WHEREAS, the American Bar Association (ABA) Commission on Women in the Profession issued a Report to the House of Delegates, asking that the ABA recognize that sexual harassment is a serious problem in all types of workplace settings, including the legal profession, and constitutes a discriminatory and unprofessional practice that must not be tolerated in any work environment;
WHEREAS, on February 3, 1992, the ABA House of Delegates approved the Report of the Commission on Women in the Profession and resolved, among other things, to educate the profession about the scope and harm of sexual harassment in the workplace, and shall call upon members of the legal profession to provide leadership and education in eradicating sexual harassment;
WHEREAS, the Report of the ABA Commission on Women in the Profession stated that [a] comprehensive 1990 ABA Young Lawyers Division survey [ABA Young Lawyers Division, The State of the Legal Profession at 65069 (1990)] on attorney satisfaction revealed that 85 percent of female lawyers had experienced or observed it least one form of sexual harassment during the previous two years, and [half of the women lawyers--46 percent--experienced or observed several different forms of sexual harassment during this period. The YLD survey also found that 78 percent of all male lawyers observed at least one form of sexual harassment within the past two years and 68 percent of male lawyers surveyed observed more than one form of sexual harassment during this same time period;
WHEREAS, the Gender Education Committee of the Pennsylvania Bar Association has concluded that education about gender fairness cannot completely eliminate the problem without an effective means by which an offender can be held accountable to the profession;
WHEREAS, the Philadelphia Bar Association has demonstrated a commitment to ensuring gender fairness and eliminating sexual harassment in the profession, as evidenced by the appointment of the Task Force to Ensure Gender Fairness in the Courts;
WHEREAS, the ABA is currently considering an amendment to the Model Rules of Professional Conduct which would include sexual harassment as a form of professional misconduct;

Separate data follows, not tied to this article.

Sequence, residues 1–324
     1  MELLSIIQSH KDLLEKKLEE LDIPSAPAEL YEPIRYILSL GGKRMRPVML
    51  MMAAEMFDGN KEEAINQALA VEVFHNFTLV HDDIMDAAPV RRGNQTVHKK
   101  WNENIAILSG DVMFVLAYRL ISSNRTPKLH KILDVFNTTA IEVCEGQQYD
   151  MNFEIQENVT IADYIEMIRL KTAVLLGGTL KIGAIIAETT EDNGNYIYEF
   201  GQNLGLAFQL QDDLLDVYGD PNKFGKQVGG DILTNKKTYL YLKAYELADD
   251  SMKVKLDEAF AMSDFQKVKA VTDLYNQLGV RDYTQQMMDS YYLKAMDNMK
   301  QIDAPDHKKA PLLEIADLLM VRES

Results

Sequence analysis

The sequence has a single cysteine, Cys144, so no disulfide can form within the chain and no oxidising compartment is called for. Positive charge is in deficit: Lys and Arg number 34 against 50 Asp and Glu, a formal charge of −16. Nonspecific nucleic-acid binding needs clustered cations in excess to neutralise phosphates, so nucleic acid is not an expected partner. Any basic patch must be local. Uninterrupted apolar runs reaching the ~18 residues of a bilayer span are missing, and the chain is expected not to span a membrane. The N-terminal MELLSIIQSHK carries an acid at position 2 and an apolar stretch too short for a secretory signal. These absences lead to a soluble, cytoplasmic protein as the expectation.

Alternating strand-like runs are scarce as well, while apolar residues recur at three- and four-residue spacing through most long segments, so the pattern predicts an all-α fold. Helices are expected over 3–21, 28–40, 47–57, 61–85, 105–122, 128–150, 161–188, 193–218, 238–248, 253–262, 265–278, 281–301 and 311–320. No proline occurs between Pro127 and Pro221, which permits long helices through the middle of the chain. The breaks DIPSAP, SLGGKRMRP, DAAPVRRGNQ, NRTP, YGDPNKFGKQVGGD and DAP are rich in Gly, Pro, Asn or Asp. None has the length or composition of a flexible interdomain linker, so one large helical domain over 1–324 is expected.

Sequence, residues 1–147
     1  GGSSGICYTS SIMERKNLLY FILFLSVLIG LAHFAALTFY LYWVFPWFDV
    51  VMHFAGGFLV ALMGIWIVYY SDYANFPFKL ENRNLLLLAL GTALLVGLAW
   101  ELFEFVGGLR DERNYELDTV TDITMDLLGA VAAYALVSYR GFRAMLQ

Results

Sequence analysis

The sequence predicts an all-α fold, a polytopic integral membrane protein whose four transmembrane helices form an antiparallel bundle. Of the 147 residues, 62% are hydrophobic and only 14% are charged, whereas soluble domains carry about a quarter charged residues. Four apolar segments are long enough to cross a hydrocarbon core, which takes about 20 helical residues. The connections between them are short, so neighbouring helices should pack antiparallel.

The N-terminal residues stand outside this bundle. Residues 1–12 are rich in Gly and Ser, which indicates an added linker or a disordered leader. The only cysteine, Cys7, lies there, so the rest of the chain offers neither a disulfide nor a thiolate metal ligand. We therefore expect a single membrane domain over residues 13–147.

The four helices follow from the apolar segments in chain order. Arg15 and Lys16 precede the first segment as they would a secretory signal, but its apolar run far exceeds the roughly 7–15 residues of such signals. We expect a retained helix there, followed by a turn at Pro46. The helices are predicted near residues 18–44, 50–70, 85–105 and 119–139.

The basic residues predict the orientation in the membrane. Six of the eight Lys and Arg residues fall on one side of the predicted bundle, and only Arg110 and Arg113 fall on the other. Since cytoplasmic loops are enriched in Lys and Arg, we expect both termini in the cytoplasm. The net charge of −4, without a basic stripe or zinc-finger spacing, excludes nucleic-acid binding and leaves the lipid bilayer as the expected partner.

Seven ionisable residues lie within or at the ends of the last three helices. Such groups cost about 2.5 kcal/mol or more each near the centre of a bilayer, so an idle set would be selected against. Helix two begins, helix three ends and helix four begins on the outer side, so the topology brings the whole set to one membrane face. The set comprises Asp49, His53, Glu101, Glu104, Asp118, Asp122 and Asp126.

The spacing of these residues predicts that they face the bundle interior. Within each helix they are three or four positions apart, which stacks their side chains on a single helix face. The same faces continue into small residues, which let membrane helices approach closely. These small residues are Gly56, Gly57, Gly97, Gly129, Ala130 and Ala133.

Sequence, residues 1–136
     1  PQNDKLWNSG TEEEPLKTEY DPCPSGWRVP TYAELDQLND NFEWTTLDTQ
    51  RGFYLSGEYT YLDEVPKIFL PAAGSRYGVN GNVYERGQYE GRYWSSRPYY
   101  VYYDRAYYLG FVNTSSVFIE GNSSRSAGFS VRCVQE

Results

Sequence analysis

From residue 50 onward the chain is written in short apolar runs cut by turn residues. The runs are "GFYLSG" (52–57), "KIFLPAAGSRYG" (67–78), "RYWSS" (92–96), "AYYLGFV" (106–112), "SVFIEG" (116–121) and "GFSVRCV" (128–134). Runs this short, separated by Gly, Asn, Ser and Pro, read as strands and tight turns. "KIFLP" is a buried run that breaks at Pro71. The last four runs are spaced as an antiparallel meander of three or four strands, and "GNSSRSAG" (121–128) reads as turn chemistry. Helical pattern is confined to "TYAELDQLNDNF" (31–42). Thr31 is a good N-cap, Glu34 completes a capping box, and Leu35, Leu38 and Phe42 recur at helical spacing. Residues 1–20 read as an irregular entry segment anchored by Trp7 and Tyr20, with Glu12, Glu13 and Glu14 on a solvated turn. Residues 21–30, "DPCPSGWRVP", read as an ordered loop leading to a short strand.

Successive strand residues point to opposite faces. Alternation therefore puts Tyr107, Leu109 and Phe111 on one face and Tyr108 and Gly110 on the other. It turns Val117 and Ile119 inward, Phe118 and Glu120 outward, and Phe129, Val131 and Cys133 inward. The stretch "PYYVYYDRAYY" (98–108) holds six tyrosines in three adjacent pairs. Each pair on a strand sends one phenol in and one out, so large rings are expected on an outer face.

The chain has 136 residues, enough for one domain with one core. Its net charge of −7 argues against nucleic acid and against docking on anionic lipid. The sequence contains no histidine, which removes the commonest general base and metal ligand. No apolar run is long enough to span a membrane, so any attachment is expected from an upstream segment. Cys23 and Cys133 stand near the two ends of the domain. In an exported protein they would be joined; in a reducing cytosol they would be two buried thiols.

WHEREAS, fourteen other states have amended their Rules of Professional Conduct to include sexual harassment as a form of professional misconduct;
WHEREAS, on May 3, 1996, the House of Delegates of the Pennsylvania Bar Association passed a resolution in support of amending the Pennsylvania Rules of Professional Conduct to include sexual harassment as a form of professional misconduct,a copy of which is attached hereto;
WHEREAS, the proposed amendment is also fully supported by the Pennsylvania Bar Association's Commission on Women in the Profession and the Pennsylvania Bar Association/Conference of State Trial Judges Joint Task Force to Ensure Gender Fairness in the Courts;
WHEREAS, on October 10, 1996, James Mundy, President of the Pennsylvania Bar Association, sent the attached amended Rule 8.4 to Chief Justice John P. Flaherty of the Pennsylvania Supreme Court requesting that amended Rule 8.4 be adopted and this matter is currently pending before the Court;
NOW, THEREFORE, BE IT RESOLVED that the Philadelphia Bar Association urges the Supreme Court of Pennsylvania to adopt the attached amendment to Rule 8.4 of the Rules of Professional Conduct which adds engaging in sexual harassment in the practice of law to the list of actions which constitute professional misconduct.
PHILADELPHIA BAR ASSOCIATION
BOARD OF GOVERNORS
ADOPTED: February 27, 1997
Proposed Revision to Rule 8.4, Misconduct
It is professional misconduct for a lawyer to:
(a) violate or attempt to violate the rules of professional conduct, knowingly assist or induce another to do so, or do so throngh the acts of another;Please note--proposed new language indicated in bold italics.
(b) commit a criminal act that reflects adversely on the lawyer's honesty, trustworthiness or fitness as a lawyer in other respects;
(c) engage in conduct involving dishonesty, fraud, deceit or misrepresentation;
(d) engage in conduct that is prejudicial to the administration of justice;
(e) engage in sexual harassment in the practice of law;
(f) state or imply an ability to influence improperly a government agency or official; or
(g) knowingly assist a judge or judicial officer in conduct that is a violation of applicable rules of judicial conduct or other law.